Diffuse idiopathic skeletal hyperostosis with dysphagia (a review)

J Laryngol Otol. 1987 Jun;101(6):627-32. doi: 10.1017/s0022215100102403.

Abstract

Dysphagia due to cervical osteophytes is not common. However, diffuse idiopathic skeletal hyperostosis (DISH) with cervical involvement which causes dysphagia is even rarer. The otolaryngologist is not generally familiar with this entity. The diagnosis can be made by plain cervical X-ray films, a barium swallowing esophagogram and or a CT scan of the neck. When doubt still exists, further extra-axial X-ray films can be helpful. Although most patients have been treated surgically, there may be a role for conservative therapy initially, as surgery in elderly DISH patients is often morbid and even fatal. A 79-year-old patient with DISH (Forestier's disease) is reported. Non-steroidal anti-inflammatory therapy was successfully implemented. DISH is compared with other disorders of the cervical spine which may cause dysphagia.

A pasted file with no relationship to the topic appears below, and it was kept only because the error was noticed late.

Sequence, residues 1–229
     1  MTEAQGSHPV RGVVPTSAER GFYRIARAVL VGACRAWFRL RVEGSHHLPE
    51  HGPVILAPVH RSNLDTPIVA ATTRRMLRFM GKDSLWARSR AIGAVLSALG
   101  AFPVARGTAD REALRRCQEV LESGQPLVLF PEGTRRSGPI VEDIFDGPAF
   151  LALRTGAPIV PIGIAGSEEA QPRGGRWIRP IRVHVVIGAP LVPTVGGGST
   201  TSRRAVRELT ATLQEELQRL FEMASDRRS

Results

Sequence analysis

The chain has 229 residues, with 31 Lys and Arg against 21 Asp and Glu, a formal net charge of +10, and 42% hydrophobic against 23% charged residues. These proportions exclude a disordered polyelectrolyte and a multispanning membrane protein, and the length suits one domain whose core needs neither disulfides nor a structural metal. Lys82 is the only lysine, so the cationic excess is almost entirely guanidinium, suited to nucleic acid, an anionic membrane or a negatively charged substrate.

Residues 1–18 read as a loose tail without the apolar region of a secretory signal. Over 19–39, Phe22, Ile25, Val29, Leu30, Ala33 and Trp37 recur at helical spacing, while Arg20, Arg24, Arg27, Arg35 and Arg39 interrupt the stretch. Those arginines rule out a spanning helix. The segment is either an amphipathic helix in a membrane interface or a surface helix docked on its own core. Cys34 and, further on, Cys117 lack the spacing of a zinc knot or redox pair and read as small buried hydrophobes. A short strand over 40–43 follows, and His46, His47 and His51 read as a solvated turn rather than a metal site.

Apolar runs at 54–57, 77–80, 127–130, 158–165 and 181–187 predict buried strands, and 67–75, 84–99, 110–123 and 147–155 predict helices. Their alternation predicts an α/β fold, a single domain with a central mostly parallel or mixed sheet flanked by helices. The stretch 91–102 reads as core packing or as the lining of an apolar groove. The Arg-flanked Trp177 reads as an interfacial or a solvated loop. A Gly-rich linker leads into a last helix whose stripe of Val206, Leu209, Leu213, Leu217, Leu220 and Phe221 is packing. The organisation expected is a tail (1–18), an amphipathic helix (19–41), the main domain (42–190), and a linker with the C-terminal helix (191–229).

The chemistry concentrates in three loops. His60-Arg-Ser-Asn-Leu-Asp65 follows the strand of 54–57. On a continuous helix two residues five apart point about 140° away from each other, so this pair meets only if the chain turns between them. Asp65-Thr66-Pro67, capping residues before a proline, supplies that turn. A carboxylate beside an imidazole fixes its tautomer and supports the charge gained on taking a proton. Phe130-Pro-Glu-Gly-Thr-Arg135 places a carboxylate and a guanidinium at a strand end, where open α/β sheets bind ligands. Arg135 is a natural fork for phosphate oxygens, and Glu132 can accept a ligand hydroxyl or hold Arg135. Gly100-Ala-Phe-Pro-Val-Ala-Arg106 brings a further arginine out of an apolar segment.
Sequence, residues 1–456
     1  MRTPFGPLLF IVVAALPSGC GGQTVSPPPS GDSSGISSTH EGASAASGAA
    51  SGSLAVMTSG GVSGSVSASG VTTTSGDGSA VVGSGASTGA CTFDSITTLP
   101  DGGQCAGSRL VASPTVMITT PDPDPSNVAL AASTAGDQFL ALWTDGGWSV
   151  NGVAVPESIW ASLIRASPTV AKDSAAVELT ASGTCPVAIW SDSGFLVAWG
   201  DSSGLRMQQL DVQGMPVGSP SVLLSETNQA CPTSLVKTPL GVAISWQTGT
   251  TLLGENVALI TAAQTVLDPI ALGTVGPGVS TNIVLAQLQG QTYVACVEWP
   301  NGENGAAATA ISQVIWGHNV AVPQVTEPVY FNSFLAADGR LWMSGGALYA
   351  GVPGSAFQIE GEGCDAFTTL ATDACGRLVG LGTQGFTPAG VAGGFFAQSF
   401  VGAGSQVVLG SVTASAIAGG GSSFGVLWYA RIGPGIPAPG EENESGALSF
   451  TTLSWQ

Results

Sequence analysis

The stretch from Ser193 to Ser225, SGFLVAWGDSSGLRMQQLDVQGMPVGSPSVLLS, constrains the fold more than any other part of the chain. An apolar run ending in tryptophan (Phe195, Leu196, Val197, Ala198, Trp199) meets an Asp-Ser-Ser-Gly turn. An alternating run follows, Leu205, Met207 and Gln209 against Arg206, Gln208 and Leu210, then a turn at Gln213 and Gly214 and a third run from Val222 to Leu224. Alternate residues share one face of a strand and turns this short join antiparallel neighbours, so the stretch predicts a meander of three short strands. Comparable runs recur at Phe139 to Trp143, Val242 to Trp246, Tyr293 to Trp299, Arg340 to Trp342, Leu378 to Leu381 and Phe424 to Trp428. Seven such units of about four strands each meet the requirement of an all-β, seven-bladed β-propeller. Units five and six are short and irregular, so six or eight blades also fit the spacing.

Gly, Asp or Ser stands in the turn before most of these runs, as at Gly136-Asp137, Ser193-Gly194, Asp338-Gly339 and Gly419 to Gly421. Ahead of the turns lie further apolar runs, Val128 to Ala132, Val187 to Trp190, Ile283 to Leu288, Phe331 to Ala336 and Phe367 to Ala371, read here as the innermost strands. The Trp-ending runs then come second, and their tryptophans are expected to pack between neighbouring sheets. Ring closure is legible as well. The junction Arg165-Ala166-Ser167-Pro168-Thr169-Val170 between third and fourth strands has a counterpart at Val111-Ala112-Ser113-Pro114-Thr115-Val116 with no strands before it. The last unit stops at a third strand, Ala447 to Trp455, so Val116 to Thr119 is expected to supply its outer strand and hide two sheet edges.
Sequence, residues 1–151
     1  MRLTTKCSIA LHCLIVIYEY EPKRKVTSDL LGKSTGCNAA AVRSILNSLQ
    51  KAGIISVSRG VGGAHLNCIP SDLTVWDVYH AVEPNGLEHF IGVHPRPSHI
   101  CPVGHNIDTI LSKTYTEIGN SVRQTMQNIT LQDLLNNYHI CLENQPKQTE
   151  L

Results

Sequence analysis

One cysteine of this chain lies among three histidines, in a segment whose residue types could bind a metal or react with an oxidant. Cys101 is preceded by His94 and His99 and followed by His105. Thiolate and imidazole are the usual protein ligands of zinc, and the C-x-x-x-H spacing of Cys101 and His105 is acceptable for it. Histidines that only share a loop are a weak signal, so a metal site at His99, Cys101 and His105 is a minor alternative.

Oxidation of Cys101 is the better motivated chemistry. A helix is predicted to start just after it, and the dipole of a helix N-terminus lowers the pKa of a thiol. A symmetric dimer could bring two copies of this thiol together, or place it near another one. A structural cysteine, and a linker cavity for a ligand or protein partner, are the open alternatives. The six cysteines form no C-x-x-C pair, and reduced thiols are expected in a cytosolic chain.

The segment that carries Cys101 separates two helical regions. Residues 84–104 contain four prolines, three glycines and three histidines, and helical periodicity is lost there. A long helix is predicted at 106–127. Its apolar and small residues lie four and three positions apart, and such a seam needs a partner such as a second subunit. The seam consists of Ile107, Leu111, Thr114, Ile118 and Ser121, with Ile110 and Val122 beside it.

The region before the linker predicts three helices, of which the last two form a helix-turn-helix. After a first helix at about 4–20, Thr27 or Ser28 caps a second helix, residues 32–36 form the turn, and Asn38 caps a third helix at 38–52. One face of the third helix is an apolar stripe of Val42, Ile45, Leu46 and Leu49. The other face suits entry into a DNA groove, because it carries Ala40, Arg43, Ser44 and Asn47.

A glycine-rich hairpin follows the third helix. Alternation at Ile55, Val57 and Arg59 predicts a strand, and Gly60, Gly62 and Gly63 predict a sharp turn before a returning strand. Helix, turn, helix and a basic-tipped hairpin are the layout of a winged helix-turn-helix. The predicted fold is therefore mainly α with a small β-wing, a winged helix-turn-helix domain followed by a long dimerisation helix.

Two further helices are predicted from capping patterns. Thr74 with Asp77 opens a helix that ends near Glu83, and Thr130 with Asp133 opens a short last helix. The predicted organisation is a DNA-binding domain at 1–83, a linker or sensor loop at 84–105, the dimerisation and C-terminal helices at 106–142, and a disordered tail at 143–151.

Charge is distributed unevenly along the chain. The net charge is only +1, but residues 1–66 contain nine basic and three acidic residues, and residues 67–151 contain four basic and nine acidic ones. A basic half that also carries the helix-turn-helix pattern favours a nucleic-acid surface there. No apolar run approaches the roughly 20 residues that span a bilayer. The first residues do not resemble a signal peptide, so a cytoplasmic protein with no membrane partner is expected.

Publication types

  • Case Reports

MeSH terms

  • Aged
  • Anti-Inflammatory Agents, Non-Steroidal / therapeutic use
  • Deglutition Disorders / etiology*
  • Humans
  • Hyperostosis, Diffuse Idiopathic Skeletal / complications*
  • Hyperostosis, Diffuse Idiopathic Skeletal / diagnostic imaging
  • Hyperostosis, Diffuse Idiopathic Skeletal / drug therapy
  • Male
  • Radiography
  • Spinal Osteophytosis / complications*

Substances

  • Anti-Inflammatory Agents, Non-Steroidal